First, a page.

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|Address:||26-28 Whitfield Street, London W1T 2RG|
|Tel:||020 3544 0837|
|Price: £61.00||Wine: £23.00||Champagne: £49.95|
|Opening Hours:||Mon 5pm-12M Tues-Sat 12N-12M (Thurs-Sat -1am)|
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‘Unlimited Champagne’. Mmmm. It speaks to the latent Hooray Henry (and perhaps the lush) in me. So when a sub-£40 tasting menu promises endless bubbles and eight courses, my squeals of joy are audible. Hello, Crazy Bear!
Recent reviews paint this place as an institution with a flailing cult rep. Service is hailed as super-slick or mean-spirited and sloppy, with more regard for a mean cocktail than a decent feed.
In contrast we received a v.warm welcome for lunch, with jolly staff as happy to take our coats as to top up our glasses well before they were dry. We had to request a peek at the promotional menu which was swiftly offered – just as well, as the alternative looks mighty steep in price – but the Brut was already flowing, so we didn’t quibble. Chefs were happy to mix and match dishes for a pescatarian, which is a doozie in my books.
Dim Sum from the vegetarian menu was less varied in texture and type than the meat-eater’s menu, with so-so flavours among the sticky, steamed buns. But if the starters were lacklustre, then the mains were triumphant. Okay, so I ended up with a trio of tofu dishes, but each was distinctive: a pokey and aromatic curry, a simple stir fry where each skinny green bean had a satisfying snap, and more than a tickle of kaffir lime among the noodles. (I was completely overwhelmed by the sheer quantity in the latter stages, so my advice is to save yourself. That curry’s goooood).
And so to a trip through the moody bar downstairs, to simply spend a penny. I turned to my left as directed, but saw an impenetrable labyrinth of mirrored walls and proceeded to style it out as I pawed each surface. I had half a mind to take a run-up and CHARGE! as I searched.
What exactly did the decor set out to achieve by squirreling away the lavs? I didn’t notice any locals slapping each other on the back, madly chortling at my misadventure, and it must’ve proved downright tiresome for the long-suffering barman. To this day, I can but pray that the neon trough in which I washed my hands was – gulp – a sink, and not a urinal…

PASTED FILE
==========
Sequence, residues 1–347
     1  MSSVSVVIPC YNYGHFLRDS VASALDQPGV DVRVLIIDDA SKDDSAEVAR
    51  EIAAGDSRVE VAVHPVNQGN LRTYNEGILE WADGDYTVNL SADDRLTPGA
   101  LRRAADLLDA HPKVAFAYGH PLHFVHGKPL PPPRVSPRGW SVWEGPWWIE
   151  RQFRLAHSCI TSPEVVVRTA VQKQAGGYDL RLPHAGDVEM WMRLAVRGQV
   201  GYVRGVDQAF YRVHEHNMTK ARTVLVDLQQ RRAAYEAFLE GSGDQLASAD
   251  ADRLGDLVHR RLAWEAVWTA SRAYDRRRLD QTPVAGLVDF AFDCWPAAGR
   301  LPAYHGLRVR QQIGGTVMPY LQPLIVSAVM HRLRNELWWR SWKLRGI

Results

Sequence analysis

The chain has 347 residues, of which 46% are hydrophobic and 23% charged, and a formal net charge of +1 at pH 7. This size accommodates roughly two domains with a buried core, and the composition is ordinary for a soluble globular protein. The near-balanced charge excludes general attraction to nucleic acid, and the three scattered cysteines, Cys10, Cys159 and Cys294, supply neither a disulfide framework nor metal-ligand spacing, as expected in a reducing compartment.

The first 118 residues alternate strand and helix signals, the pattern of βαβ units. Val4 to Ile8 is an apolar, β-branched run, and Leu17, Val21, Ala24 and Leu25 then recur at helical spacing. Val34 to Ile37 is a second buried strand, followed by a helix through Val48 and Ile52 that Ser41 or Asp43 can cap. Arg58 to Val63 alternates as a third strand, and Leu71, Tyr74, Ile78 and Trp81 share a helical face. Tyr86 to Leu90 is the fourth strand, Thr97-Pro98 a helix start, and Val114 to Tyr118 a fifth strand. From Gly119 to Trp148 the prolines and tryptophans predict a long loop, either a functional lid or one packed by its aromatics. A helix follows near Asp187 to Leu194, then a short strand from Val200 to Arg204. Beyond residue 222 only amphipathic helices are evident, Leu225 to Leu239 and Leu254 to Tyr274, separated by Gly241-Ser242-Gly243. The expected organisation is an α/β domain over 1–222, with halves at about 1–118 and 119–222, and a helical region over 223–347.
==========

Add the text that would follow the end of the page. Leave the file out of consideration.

This ‘member’s only’ trickery is extended to the anonymous facade, and it really gets my goat. I pitter-pattered back and fourth across the same stretch of pavement in a state of bewilderment before entering the joint, feeling like an ultra-spod. (The camera phone never lies, right? I must be here)?! Indeed, the darkened doorway was the right spot, but I’d missed the paw logo on the doormat in the absence of an actual sign.
These piddly irritations might sum the place up. There’s a lot going on to impress, but there’s a fair bit of style over substance too; I suspect it lures a crowd keen to see and be seen after hours (but this is a foundless assumption). Lovely though the service was throughout – with no hidden extras sneaked in, unlimited mineral water thrown in and a real effort to please – we did feel slightly shoehorned out the door when we’d paid. It’s understandable given that the wine flowed so freely and we were fore-warned of 90-minute slots; but we were welcome to slink to the bar for more reveling, at the mercy of our own pockets.
Our lunch was a stolen treasure on a week-day off work, and I’m glad to have popped along. I can’t lie that the wealth of neighbouring tapas joints aren’t top-notch because they might offer a more consistent treat for the soul and the tummy. They might not be as flash or as fancy (and their hours not quite so permissive), but they’re a sound bet when it comes to a lunch that lasts way into the evening.